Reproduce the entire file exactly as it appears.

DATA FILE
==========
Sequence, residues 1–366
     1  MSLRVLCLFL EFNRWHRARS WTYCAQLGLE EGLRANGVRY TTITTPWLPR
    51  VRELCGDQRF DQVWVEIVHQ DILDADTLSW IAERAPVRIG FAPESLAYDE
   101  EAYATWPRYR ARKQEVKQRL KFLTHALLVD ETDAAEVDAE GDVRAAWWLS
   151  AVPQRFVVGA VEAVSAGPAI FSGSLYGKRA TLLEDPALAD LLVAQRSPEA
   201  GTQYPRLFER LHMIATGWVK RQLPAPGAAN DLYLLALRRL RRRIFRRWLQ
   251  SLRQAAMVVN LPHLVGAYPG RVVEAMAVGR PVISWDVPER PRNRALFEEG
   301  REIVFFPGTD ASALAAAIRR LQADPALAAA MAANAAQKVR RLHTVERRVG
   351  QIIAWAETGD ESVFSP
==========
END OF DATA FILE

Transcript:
Sequence, residues 1–366
     1  MSLRVLCLFL EFNRWHRARS WTYCAQLGLE EGLRANGVRY TTITTPWLPR
    51  VRELCGDQRF DQVWVEIVHQ DILDADTLSW IAERAPVRIG FAPESLAYDE
   101  EAYATWPRYR ARKQEVKQRL KFLTHALLVD ETDAAEVDAE GDVRAAWWLS
   151  AVPQRFVVGA VEAVSAGPAI FSGSLYGKRA TLLEDPALAD LLVAQRSPEA
   201  GTQYPRLFER LHMIATGWVK RQLPAPGAAN DLYLLALRRL RRRIFRRWLQ
   251  SLRQAAMVVN LPHLVGAYPG RVVEAMAVGR PVISWDVPER PRNRALFEEG
   301  REIVFFPGTD ASALAAAIRR LQADPALAAA MAANAAQKVR RLHTVERRVG
   351  QIIAWAETGD ESVFSP